We’re living in an age of $50,000 Civic Sis, of clean Miatas that outsell Corvettes, of soaring values for just about every Nissan with a “Z” in its name. It’s gratifying to see the golden age of Japanese sports cars get its due. Yet that same phenomenon means that many of these vehicles, the gateway drugs for a generation of enthusiasts, are now climbing out of reach.
Many, but not all. There are cool, interesting, fun rides whose prices have not yet gotten silly and may never achieve risible status. Two brash, box-flared, badge-engineered beauties from the Reagan/Thatcher years fit the bill. The Mitsubishi Starion and the Chrysler Conquest, affectionately known as “Starquests,” are quite a bit more expensive than they were a year ago but have appreciated later and in smaller increments than most of their hair metal–era peers. Considering how popular ’80s automotive kitsch is at the moment, that’s a surprise to us. Then again, Starquests suffer from a bit of an identity and obscurity problem, and this confusion may keep prices affordable. At the risk of letting everyone in on the secret, here’s a bit of background.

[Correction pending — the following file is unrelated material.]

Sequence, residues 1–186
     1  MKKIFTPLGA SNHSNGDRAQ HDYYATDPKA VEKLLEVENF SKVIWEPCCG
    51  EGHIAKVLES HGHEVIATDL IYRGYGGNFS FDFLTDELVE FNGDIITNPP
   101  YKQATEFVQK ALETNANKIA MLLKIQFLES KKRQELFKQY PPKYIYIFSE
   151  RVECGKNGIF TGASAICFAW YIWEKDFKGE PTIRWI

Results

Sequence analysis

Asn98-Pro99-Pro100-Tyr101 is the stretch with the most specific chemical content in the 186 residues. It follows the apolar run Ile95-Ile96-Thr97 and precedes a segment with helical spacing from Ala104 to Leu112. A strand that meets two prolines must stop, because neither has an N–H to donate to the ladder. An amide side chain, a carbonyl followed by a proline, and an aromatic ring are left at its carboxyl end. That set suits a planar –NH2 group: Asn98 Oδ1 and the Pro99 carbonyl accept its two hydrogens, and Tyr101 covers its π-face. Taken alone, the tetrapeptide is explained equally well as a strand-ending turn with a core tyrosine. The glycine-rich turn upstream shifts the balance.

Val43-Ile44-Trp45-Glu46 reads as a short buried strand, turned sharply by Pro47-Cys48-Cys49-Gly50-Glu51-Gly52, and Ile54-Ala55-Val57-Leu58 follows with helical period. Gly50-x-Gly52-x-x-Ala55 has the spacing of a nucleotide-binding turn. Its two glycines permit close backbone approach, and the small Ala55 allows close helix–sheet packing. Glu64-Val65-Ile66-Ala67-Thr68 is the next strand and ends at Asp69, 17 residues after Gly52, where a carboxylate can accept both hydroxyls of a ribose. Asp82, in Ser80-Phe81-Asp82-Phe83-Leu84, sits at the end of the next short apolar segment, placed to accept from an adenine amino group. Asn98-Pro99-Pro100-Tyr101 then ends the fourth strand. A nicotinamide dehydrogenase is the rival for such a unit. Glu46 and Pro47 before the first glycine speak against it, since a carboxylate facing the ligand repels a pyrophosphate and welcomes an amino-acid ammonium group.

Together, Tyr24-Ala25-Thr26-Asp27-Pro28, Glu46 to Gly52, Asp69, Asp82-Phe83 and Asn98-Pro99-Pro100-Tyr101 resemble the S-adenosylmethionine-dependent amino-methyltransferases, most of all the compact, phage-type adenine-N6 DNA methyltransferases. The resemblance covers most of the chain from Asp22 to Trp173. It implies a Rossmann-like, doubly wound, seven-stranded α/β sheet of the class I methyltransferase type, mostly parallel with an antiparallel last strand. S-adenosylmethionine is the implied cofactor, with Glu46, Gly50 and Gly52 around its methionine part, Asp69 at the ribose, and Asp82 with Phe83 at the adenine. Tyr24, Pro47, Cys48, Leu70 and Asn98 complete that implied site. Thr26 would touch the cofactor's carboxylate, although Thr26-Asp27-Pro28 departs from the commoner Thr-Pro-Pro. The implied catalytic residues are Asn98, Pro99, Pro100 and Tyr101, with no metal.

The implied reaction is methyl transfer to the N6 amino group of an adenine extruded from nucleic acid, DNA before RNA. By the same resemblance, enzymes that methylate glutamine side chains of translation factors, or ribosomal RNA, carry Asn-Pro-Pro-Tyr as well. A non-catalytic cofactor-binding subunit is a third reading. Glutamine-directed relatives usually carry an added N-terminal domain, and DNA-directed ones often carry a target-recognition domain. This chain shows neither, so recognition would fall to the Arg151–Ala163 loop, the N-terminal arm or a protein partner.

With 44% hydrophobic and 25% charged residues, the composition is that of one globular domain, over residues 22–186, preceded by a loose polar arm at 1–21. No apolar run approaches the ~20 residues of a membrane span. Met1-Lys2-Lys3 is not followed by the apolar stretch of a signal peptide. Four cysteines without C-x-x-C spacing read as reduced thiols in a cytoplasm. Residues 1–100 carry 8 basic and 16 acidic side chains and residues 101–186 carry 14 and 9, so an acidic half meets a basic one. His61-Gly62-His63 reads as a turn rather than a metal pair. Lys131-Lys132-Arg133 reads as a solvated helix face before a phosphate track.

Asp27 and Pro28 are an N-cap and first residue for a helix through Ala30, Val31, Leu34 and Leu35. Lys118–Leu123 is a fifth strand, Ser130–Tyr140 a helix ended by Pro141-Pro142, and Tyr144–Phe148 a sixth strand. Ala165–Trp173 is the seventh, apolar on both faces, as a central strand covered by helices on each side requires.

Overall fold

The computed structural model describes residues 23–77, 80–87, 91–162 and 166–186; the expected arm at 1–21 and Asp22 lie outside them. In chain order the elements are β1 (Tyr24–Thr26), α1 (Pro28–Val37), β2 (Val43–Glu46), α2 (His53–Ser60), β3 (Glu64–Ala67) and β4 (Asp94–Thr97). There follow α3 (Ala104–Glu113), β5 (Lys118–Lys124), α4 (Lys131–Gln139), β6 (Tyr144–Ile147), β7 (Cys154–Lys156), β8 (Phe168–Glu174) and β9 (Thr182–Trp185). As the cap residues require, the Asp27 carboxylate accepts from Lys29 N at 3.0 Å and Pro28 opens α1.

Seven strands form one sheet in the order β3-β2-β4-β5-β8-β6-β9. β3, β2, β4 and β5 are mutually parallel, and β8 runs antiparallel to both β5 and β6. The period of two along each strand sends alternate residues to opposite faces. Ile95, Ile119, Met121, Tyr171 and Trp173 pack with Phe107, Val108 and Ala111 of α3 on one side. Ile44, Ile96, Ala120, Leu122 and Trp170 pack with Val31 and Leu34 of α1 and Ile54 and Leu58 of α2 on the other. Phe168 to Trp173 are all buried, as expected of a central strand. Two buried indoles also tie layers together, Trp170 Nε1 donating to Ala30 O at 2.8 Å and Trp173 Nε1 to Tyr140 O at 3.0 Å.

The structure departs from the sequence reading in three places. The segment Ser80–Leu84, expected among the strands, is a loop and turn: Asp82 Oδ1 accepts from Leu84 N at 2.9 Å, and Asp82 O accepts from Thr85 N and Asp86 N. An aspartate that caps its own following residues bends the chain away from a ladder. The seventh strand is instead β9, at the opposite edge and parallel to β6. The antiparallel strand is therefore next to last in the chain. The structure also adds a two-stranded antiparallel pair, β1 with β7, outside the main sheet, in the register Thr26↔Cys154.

Nissan, of course, pioneered the mass-market Japanese sports car in the early ’70s. A decade later, nearly every Japanese automaker was building a sporty coupe or hatchback. Mitsubishi joined the game for the 1983 model year. Its handsome but somewhat generic Etch A Sketch–style bodywork hid a remarkable degree of sophistication: The Starion’s 2.6-liter four-cylinder was one of the earlier combinations of turbocharging and electronic fuel injection. Leaning hard into the all-things-turbo craze of the day, one Starion ad boasted “ultimate refinement of Turbo Age technology … the entire car is ‘turbo tuned.’” Later Starquests even have bright “Turbo” script screaming at you from their motorized seat belts. The car also boasted an independent rear suspension, a limited-slip differential, and five-speed manual. One of the early, narrow-body cars also snagged a prominent role in the 1984 movie Cannonball Run II, with Jackie Chan and Richard Kiel (Jaws from the James Bond movies) evading the authorities in a customized black Mitsubishi.